Shane’s pacifism is in some ways much less complicated in that it requires far less examination of what he says than of some of the other matters I have mentioned. He makes no secret of it. Shane is a militant pacifist, as is his community at The Simple Way. Co-leaders of his community have been imprisoned for their opposition to the war in Iraq.
Although Shane particularly criticises the Iraq war, that is a fairly unexceptional position: there are many who believe that either this war is wrong or the way it is being conducted is wrong, without sharing Shane’s consistency as a dedicated pacifist. But Shane goes further.
Shane does not believe there is ever a just war. He goes so far as to decry the 1944 bomb plotters who attempted to stop the war by assassinating Hitler and blames them with causing even more Jewish deaths by stirring Hitler’s renewed determination, escaping death, to pursue his violent aims. As his historical abilities are suspect, I won’t elaborate further on the details of that argument which can be found on YouTube.
Shane does not believe that you should take up arms – ever. Not in the Second World War, not if your home was under attack and your loved ones are about to be violated. Never. His solution to violence in our fallen world is simple:
The more passionately we love our enemies, the more evil will diminish. (p.249)
The Simple Way, on its website, and in daily life, encourages American soldiers to leave the army and break their oath of allegiance. They provide legal and moral support for those who do.
Too often we just do what makes sense to us and ask God to bless it. In the Beatitudes, God tells us what God blesses – the poor, the peacemakers, the hungry, those who mourn, those who show mercy – so we should not ask God’s blessing on a declaration that we will have no mercy on evildoers. And we know all too well that we have a God who shows mercy on evildoers, for if he didn’t, we’d all be in big trouble, and for that, this evildoer is very glad. Rather than do what makes sense to us and ask God’s blessing, we’d do better to surround ourselves with those whom God promises to bless, and then we do not need to ask God’s blessing. (p.219)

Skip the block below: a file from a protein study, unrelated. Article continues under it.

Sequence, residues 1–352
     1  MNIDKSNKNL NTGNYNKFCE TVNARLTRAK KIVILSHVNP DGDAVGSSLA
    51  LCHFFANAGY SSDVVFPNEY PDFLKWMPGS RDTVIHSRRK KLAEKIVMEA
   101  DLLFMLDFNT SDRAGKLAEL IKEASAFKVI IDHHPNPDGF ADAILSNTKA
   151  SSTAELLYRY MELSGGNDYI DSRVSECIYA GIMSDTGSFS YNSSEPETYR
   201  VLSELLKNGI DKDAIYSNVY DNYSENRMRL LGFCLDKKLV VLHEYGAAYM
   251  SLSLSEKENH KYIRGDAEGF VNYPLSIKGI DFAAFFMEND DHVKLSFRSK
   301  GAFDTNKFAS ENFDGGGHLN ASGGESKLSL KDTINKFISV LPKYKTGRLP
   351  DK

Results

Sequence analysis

(on Christian Peacemaker Teams and his trip to Iraq) I went to Iraq to stop terrorism. There are extremists, both Muslim and Christian, who kill in the name of their gods. Their leaders are millionaires who live in comfort while their citizens die neglected in the streets. But I believe in another kingdom that belongs to the poor and to the peacemakers. (p.207)
My problem with this is not in Shane’s pacifism. He is welcome to hold these views and to promote them. The difficulty is that he has been given a position of prominence gggggggggg from which he has subtly promoted that doctrine without that view being made public. We should have no objection to him coming to talk mmm, if he is announced as a pacifist. But I would expect a “just war” theorist to be given exactly the same prominence.
Shane fggfg dgd gd d gdf gd gd gd ff entranced many dg dgd fd gdf dfg dg dfg g d g g dg dg dfg dfg fgdf dg df df with his radicalism. When he told of how he had joined a Christian Peacemaker team in Iraq it sounded hip, cool and brave. Young people love hearing about radical adventurers. However, he did not at any point, as far as I am aware, discuss that viewpoint, argue his pacifism from scripture, etc. It was romantic but was it right? Ggdgd d dg dg d df gd fgd fgd fg dfg dfg df gd fgd fg dfg dfg d fd fg dfg dfg df df d fg dfg df d d fgd fg d sd sd fgsd fg sd gs dfg dg sf d fg dfg dfg df gd d fgd fgd g dg d gd fgd g df gd fgd fg df gd g dfg df gd g f f.
G dg dfgd g dfg dg dfg df gd gd gs gsfgd g dfg df gd fgd fg sdgd d fg dfg dd dg df [Shane’s pacifism is not argued anywhere in the book. If it had been, we would be able to see that it stems from his univeralist perspective on the nature of mankind. While many who are seduced by his romantic appearance and antics are be drawn to his pacifism, they are adopting a viewpoint which has its foundation in a heretical interpretation of scripture about man and sin. Understanding that should be enough to persuade them not to swallow the pacfism without thinking it through. It isn’t. Romanticism overrules logic.] gdg dfgd fgdf gdf gdfg dfg dfgdfg df df gdf df gdf sdfsdrgsegegsegsegs dfg sdfg sdg serg ser ger gs ge g erg erg g e g g dfg sdfg sd gsd gs dfg sdf gsdf gsd fg sdfg sdfg sdf gsd fgs dfg dfg sdf gsd fgd fgsdfgsdfgsdf gsdf gsdfsdfg sdfg sdfgsd fgsd fgsd ffg
The package has sold the message, not reason or theology
Fhd hd fh ghd gh dgh dfgh dfgh dfg hdf ghdhd fgh fgh dgh dg hdf hf gh dfgh dfg hf ghd fgh dfgh fg hf h fgh fgh dfg hfd hdf gh fgh dfgh dfg hdf hdf gh fgh fg hdf hdf gh dfg hf hf gh dfgh df ghdf gh dfgh dfg hd fh dfgh dfg hdf ghd fgh dfgit. Shane has been with Mother Theresa; Shane has been in Iraq risking his life amidst the bombs. To them, a parent who questions Shane’s assertions is tantamount to suggesting that Mother Theresa wasn’t a saint.
There are a few remaining comments I wish to make which cannot be included in the main paper: